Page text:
Shadows and light too sharp after scene rebuild

I posted this question at answerhub but I didn’t get any response so I’m trying here instead. Lights (point light in this case) looks fine when I move them around the scene or change parameters for them. Like in this picture, the light spreads smoothly over the building (a static mesh) and looks somewhat realistic.

Then I hit the Build button. And the shadows become blunt and sharp. There’s no smooth spreading of light anymore. I can then move the light around a little, or change a parameter and the light suddenly pops back to normal as in the picture above. But this is what it looks like after I hit Build.

I get a feeling that I’m doing something fundamentally wrong here. But I tried increasing the lightmap resolution on the mesh to ridicilous values. It’s actually at 2048 in the last picture. Plus, the light looks super fine in the first picture. It just wont stay like that after I hit build.

The problem is probably with lightmap resolution. Because objects are static, their lightning can be prebuild. The resolution of lightmap, however, is probably too low, or the lightmaps are not properly set. Try increasing the resolution of lightmaps on your objects and rebuild (Lightmap resolution on your mesh). If you use non-uniform scaling, you will also also get lightning artefacts so try to avoid it on static meshes.

How large is the mesh and what do the light map UVs look like?

The model has some 10,000 vertices. And below is the light map UV (I think? Light map UV maps are vaguely documented, but as far I undestand it UV channel 1 is the light map UV). I highlighted the main building mesh in red so you have a chance to see what you’re looking at. The walls and the cieling, that is.

What puzzles me and what’s very confusing is that the light looks fine before I hit build (see first picture in my original post above). So, Unreal is obviously capable of generating proper lighting on the mesh. I mean, it’s there. I can see it! Why oh why can’t the light stay exactly like that after I build the scene?!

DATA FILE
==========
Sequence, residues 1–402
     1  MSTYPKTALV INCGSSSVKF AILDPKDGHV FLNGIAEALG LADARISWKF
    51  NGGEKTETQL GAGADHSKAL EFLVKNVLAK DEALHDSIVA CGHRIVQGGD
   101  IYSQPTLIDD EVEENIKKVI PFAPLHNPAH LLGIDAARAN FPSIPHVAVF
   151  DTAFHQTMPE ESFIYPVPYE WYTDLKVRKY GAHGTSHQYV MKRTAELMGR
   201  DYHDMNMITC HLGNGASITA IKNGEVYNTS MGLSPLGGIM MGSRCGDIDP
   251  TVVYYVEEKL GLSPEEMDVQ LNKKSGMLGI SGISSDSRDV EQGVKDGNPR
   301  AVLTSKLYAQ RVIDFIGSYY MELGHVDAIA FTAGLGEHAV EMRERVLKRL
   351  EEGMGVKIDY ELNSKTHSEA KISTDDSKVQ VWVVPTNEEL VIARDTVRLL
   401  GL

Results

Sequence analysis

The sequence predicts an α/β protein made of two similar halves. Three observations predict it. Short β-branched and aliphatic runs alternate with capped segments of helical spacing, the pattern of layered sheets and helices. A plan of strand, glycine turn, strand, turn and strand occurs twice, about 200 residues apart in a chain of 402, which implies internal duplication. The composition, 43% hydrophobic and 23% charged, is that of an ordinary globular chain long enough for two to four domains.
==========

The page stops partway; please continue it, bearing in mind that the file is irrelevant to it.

Your lightmap UV’s are bad, but for the light you also need to increase the radius to create softer lights (lights with larger surface area create softer shadows).

The issue with your lightmaps is that you have too much stuff there, even with a high resolution lightmap you will struggle to get enough detail. Besides that, the UV islands are too close together and you have too many varying sizes which both will cause issues. Try and split the mesh into separate pieces, start with something like the walls as a single mesh and see if that gives you enough lightmap detail. It looks like you have a lot more than just that hallway there so maybe split off the hallway to one object.

What you say makes perfect sense. But what I don’t get is that Unreal in fact is fully capable of render smooth lights and shadows as I move the light around (picture 1 in my original post). It looks more than fine to me. Why does it convert the lighting to absolute **** when I hit Build?! Is there no way to keep the lights the way they appear in picture 1??!

You can set the light to moveable and rely on static lighting. But if you want the best looking lighting for interior shots and the best performance, you’ll want to use baked lighting. When you bake lighting, it’s literally saving the lighting information to a texture.

When you move the light around it’s showing realtime preview shadows, which do not depend on lightmap resolution. When you build the lighting, it bakes the lighting into lightmaps which are literally like textures that are applied to the meshes, so the amount of detail in the lightmap depends on the lightmap resolution. Each object gets only one lightmap so that’s why having so much geometry in a single object causes the lightmap to be low-quality. The benefit of using lightmaps are that you can do a lot of high quality lighting processing beforehand and get effects like bounce lighting (GI) which you can’t get with realtime lights. Realtime lights also have a bigger impact in game performance. So by using lightmaps, you get higher quality lighting with better performance, the only issue is that it’s not real-time.

Thank you very much for that explanation! Now I get how it works a little bit better, and it makes more sense to me now. I should obviously divide my objects in smaller subobjects and assemble it back in Unreal. Thank you again!